Student named to prevention of youth suicide board
At 18, Taylor Haller is no stranger to serving her community.
A high school senior when classes begin at Susan B. English School later this month, Taylor volunteers as an ETT, emergency trauma technician, and firefighter for the city of Seldovia.
When a fire broke out on Hesketh Island earlier this summer, Taylor was part of the response team that also included her father, Seldovia Chief of Police Shad Haller, her mother, Tiffany, and two of her siblings, all of whom volunteer with Seldovia’s Fire and EMS.
Recently, Taylor was notified she had been selected for another avenue of service.
“My mom and I were sitting at the table, and she gave me some papers. I didn’t know what it was at first, but kept reading and it sounded like something I’d be interested in because I volunteer for pretty much everything here,” she said.
As a result, after applying, Taylor has been notified she will serve with 19 others from around the nation on the Youth Advisory Board of the National Center for the Prevention of Youth Suicide.
“We’ve had people here that have tried to commit suicide and I want to make it so it doesn’t happen,” said Taylor, acutely aware that in a community the size of Seldovia, “it makes more of an impact.”
The board’s role is to offer high school and college volunteers opportunities to develop and use leadership skills by providing guidance to the national center’s activities. The youth board helps direct the center’s youth programming by raising awareness, using electronic media campaigns and fundraising events supporting the National Center for the Prevention of Youth Suicide. The youth advisory board meets quarterly to review planned projects and discuss those they would like to see implemented. Each youth advisory board member serves one year and is encouraged to reapply for as many as two consecutive terms.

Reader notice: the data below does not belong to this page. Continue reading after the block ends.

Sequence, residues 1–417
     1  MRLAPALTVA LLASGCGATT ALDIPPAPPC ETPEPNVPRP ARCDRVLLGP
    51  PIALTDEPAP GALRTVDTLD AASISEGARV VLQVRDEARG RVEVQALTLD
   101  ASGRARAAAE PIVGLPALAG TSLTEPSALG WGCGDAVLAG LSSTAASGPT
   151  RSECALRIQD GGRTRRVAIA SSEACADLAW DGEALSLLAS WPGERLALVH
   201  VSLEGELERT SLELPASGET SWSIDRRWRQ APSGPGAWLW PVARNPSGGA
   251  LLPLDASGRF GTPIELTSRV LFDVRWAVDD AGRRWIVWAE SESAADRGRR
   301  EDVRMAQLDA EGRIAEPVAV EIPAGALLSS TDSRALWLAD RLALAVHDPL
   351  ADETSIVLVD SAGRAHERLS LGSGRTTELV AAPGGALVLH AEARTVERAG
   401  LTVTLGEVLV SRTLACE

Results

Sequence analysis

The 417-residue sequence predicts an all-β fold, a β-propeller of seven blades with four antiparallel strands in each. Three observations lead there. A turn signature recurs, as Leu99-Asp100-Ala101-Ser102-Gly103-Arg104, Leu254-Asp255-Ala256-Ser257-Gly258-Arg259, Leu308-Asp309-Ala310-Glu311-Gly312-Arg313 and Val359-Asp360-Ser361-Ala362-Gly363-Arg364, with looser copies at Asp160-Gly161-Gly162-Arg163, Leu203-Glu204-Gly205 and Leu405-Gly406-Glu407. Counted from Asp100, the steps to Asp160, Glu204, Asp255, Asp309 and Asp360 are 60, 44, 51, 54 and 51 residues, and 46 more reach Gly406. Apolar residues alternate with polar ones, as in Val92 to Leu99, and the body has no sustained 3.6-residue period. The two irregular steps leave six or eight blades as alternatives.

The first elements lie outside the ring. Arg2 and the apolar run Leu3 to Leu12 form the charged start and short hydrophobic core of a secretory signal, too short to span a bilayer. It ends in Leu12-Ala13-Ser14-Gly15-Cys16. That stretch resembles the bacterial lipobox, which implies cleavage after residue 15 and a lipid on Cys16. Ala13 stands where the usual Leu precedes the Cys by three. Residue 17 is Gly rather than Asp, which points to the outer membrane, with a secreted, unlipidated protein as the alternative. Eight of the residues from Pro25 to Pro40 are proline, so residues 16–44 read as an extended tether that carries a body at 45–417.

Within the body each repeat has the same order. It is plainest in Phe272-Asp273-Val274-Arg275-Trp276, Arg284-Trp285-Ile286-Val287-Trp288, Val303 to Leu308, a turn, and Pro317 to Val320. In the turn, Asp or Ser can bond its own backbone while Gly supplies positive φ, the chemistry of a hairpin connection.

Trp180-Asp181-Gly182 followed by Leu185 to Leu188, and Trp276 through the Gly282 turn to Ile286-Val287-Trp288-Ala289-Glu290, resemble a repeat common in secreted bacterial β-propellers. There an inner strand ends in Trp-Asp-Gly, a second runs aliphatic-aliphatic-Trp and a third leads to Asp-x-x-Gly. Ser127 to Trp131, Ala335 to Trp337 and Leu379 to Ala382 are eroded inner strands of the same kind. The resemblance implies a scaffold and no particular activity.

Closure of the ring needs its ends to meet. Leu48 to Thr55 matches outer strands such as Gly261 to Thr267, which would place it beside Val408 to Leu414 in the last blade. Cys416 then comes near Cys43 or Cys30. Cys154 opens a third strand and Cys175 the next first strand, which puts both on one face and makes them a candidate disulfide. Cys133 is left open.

Asked where she gets her inspiration for community service, Taylor pointed to her father, who served in the U.S. Army for 13 years. After the family moved to Seldovia four years ago from the state of Washington, “he was, at first, (Seldovia’s) fire chief and now he’s the police chief. ... He’s the guy I look up to,” she said.
Her mother, Tiffany, let her family know about the effort to recruit youth advisory board members after seeing it posted on Facebook by Laurel Hilts who is with Seldovia Village Tribe’s prevention program.
“Taylor said she really wanted to do it and I encouraged her,” said Haller, admitting she was “shocked when I got the email that they only took 20 throughout the country,” one of them Taylor.
Like her daughter, Haller sees this as an opportunity for Taylor to make her own community a better place.
“I’m hoping Taylor can facilitate something here that can help or do something with the prevention program at school to tie this all into the community so we get as much out of it as possible,” said Haller.
Although Taylor plans to pursue an education in the culinary field after she graduates from high school, she also has training as an emergency medical technician on her to-do list, while continuing to serve as a firefighter.
Her advice to other teens interested in community service is based on her own experience.
“Do it. It’s a lot of fun. You learn a lot,” she said. “And most of the time, you work with great people who also want to help. I love it.”
McKibben Jackinsky can be reached at mckibben.
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